Article of the month: August

Agent 001: The myth called Pavlik Morozov

Article of the month

Pavlik Morozov as he was shown by the Soviet media in the 1950s: in a snow-white shirt and Young Pioneer ties (archive of Yuri Druzhnikov).

When I was eight years old, I sang in a children's choir. The conductor would announce proudly, “And now, with lyrics by the famous children's poet Sergei Mikhalkov and music by Hungarian Communist Ferentz Sabo — a song about Pavlik Morozov!” Ours were not the only voices lifted in honor of the heroic Pavlik Morozov. For half a century, the whole country lauded this brave teenage boy.

What was the deed that made him a hero? In 1932 Pavlik Morozov exposed his father Trofim Morozov as an “enemy of the People.” He informed the OGPU (as the KGB, or Soviet secret police, was then called) that his father was helping the kulaks, successful peasants who refused to relinquish their land and livestock to the State as was required by the Collectivization Plan, and was therefore branded as an enemy of Socialism. Pavlik's father was arrested, tried, and sent to a concentration camp, never to be seen again. Soon after his father's trial, Pavlik was murdered by “enemies of the State.” After his death, he was hailed as a hero of the people, and every child in the Soviet Union was required to learn his story and be prepared to follow his example. His official title was Hero-Pioneer of the Soviet Union Number 001.

In 1982, on the fiftieth anniversary of the heroic death of Pavlik Morozov, the press called the boy “an ideological martyr.” The place of his death was described as a sanctuary and the child as a saint. This was remarkable language for the atheistic Soviet press and revealed the theological nature of Communist ideology. In a thousand years of Russian history, such glory had never before been bestowed on a child.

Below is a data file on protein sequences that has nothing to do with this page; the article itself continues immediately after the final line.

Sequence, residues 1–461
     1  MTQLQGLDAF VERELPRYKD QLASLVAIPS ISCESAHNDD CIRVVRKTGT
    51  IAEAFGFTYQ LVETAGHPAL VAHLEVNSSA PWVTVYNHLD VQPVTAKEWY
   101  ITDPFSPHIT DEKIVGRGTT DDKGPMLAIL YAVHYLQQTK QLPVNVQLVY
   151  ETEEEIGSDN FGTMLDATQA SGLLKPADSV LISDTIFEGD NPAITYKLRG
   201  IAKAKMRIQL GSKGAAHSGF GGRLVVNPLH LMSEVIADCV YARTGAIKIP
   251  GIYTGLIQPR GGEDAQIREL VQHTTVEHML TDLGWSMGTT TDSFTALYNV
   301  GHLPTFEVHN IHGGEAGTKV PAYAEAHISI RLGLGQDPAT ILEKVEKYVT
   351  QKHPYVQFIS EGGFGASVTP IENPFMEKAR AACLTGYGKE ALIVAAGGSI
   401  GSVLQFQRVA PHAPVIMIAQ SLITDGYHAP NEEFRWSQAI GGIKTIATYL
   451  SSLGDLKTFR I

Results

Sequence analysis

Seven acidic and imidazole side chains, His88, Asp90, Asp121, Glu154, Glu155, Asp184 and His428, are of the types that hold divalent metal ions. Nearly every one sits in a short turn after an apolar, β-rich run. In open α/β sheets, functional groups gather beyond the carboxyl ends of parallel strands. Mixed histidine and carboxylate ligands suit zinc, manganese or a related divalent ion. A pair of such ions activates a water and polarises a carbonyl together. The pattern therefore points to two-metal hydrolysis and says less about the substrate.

Latest articles:

Juan Nepomuceno Cortina: The story of a Texan outlaw

Published: August 18, 2017

On July 13, 1859 Juan Cortina became the Robin Hood of the border to some and a hated villain to others. While in Brownsville Cortina witnessed the humiliation of a former employee, in which Bob Shears an ex-Texan-Ranger pistol whipped the victim until he bled, and decided to avenge the injustice. Cortina shot Shears, took care of his former employee, and fled to Mexico. Two months later Cortina led over seventy followers, most of them Tejanos, and attacked Brownsville. In this attack they freed a dozen jailed Tejanos, killed three Anglos, and rode out while shouting "Mueran los gringos". In the immediate time Cortina's actions prompted many Tejanos to join his fight but in the long run it caused a lot of hardship for Tejanos in Texas. It caused retaliation by Anglos for decades to come, remembering the actions of Cortina. Although his fight was ethic and by all means reasonable, it caused Tejanos to feel the wrath of the Anglos until the 20th century.

A Comparative analysis of battle of Littlebig Horn and Isandlwana: Similarities between American Indians and Zulu

Published: August 13, 2017